I am a multi-instrumentalist, composer, teacher, and researcher from Ghana. Currently, I am a PhD candidate in the Jazz Studies program at University of Pittsburgh where I also serve as a Teaching Fellow. In 2016, I received my MA Ethnomusicology degree from Kent State University, with a research focus on the dynamics of gender representation in Ghanaian popular music, and the ongoing feminist discourse that surrounds the music of some women musicians in the country.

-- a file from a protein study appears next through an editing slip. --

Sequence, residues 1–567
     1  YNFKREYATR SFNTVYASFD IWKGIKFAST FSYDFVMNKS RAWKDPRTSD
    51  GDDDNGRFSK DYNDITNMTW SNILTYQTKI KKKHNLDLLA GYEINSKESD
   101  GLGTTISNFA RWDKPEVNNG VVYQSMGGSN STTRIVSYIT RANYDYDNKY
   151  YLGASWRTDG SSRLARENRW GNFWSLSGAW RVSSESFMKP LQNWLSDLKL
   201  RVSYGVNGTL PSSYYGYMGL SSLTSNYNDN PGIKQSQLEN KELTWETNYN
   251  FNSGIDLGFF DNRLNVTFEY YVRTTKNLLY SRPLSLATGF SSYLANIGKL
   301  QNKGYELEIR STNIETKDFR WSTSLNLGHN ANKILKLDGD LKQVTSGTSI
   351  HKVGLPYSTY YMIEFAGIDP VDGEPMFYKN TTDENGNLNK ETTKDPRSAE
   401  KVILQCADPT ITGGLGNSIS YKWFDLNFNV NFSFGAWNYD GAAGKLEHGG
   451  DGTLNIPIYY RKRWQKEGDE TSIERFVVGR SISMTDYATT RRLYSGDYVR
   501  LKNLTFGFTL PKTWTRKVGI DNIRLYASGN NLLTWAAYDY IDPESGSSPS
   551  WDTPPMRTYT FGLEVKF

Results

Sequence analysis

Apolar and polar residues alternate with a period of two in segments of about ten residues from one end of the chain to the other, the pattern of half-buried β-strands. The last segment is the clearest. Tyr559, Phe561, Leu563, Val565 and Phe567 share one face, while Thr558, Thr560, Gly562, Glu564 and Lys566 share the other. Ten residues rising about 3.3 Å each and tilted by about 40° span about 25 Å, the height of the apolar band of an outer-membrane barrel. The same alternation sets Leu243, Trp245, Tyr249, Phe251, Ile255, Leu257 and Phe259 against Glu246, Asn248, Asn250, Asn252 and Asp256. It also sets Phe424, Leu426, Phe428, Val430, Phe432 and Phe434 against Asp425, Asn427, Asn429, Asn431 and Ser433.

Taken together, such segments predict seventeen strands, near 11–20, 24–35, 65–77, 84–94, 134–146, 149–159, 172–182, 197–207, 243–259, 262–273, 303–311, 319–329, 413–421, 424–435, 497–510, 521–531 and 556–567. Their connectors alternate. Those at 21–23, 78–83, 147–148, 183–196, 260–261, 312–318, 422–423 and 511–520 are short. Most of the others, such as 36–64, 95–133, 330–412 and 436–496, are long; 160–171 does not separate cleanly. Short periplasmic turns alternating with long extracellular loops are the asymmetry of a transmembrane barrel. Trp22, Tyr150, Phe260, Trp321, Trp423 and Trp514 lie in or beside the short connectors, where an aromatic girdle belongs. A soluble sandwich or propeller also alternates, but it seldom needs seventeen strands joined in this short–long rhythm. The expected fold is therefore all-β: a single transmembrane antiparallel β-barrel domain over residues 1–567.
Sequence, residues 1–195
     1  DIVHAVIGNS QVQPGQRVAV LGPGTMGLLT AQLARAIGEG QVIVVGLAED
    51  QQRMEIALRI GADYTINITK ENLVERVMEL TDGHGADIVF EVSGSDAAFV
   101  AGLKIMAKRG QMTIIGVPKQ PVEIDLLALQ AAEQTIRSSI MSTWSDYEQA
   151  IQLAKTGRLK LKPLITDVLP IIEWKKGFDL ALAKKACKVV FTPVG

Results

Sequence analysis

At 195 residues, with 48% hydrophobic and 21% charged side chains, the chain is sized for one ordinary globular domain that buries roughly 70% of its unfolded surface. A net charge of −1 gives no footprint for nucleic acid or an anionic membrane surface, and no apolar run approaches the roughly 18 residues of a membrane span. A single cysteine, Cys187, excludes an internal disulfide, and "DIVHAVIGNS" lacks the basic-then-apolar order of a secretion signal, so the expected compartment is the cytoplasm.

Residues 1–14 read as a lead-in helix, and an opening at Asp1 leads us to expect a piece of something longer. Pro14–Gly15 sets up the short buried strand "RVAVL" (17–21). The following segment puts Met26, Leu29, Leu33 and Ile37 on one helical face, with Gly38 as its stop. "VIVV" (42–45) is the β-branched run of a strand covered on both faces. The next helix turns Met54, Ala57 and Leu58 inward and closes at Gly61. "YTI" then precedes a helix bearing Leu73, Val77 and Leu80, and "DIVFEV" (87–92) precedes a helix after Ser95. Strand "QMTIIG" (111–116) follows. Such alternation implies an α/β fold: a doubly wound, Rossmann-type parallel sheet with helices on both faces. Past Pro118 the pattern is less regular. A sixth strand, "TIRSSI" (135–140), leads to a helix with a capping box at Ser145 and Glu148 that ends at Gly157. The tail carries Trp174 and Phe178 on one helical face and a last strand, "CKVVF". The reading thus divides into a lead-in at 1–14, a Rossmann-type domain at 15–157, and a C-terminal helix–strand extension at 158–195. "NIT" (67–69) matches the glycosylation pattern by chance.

My other fields of interest include the intersections between music and the supernatural; conflict, chaos and sound; African popular culture; African cultural retentions in the diaspora; and traditional Akan music and creative dispositions. As a Jazz scholar, I am inspired by the notions of hybridity and improvisation, as well as the ideas of memory and personhood that are enshrined in the historic collaborations between African and American Jazz musicians. As a composer, my work has been premiered by several ensembles including the Cleveland Chamber Symphony, the Kent State University Jazz Orchestra and the Kent State Orchestra, as well as the IonSound Project at University of Pittsburgh.